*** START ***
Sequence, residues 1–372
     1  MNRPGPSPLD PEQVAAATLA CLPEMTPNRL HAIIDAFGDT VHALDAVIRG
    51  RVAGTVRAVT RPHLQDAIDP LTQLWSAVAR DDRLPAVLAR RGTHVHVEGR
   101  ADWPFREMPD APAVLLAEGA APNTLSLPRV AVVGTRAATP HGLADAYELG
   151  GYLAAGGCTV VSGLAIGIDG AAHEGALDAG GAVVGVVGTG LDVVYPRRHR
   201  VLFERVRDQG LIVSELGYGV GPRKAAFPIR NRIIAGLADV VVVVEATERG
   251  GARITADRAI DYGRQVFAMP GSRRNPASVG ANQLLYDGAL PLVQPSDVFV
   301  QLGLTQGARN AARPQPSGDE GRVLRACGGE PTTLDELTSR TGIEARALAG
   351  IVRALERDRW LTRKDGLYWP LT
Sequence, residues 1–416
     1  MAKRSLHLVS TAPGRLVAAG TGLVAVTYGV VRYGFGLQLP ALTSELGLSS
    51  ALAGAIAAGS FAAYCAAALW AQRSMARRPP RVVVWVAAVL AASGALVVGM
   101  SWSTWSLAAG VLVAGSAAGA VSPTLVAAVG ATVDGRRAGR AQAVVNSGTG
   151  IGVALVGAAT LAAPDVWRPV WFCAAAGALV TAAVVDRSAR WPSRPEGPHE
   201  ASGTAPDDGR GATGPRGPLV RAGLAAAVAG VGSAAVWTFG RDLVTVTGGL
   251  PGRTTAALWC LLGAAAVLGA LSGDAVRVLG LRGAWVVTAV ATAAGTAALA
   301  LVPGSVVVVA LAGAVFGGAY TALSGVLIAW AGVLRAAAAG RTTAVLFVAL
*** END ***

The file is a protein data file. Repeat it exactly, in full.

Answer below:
Sequence, residues 1–372
     1  MNRPGPSPLD PEQVAAATLA CLPEMTPNRL HAIIDAFGDT VHALDAVIRG
    51  RVAGTVRAVT RPHLQDAIDP LTQLWSAVAR DDRLPAVLAR RGTHVHVEGR
   101  ADWPFREMPD APAVLLAEGA APNTLSLPRV AVVGTRAATP HGLADAYELG
   151  GYLAAGGCTV VSGLAIGIDG AAHEGALDAG GAVVGVVGTG LDVVYPRRHR
   201  VLFERVRDQG LIVSELGYGV GPRKAAFPIR NRIIAGLADV VVVVEATERG
   251  GARITADRAI DYGRQVFAMP GSRRNPASVG ANQLLYDGAL PLVQPSDVFV
   301  QLGLTQGARN AARPQPSGDE GRVLRACGGE PTTLDELTSR TGIEARALAG
   351  IVRALERDRW LTRKDGLYWP LT
Sequence, residues 1–416
     1  MAKRSLHLVS TAPGRLVAAG TGLVAVTYGV VRYGFGLQLP ALTSELGLSS
    51  ALAGAIAAGS FAAYCAAALW AQRSMARRPP RVVVWVAAVL AASGALVVGM
   101  SWSTWSLAAG VLVAGSAAGA VSPTLVAAVG ATVDGRRAGR AQAVVNSGTG
   151  IGVALVGAAT LAAPDVWRPV WFCAAAGALV TAAVVDRSAR WPSRPEGPHE
   201  ASGTAPDDGR GATGPRGPLV RAGLAAAVAG VGSAAVWTFG RDLVTVTGGL
   251  PGRTTAALWC LLGAAAVLGA LSGDAVRVLG LRGAWVVTAV ATAAGTAALA
   301  LVPGSVVVVA LAGAVFGGAY TALSGVLIAW AGVLRAAAAG RTTAVLFVAL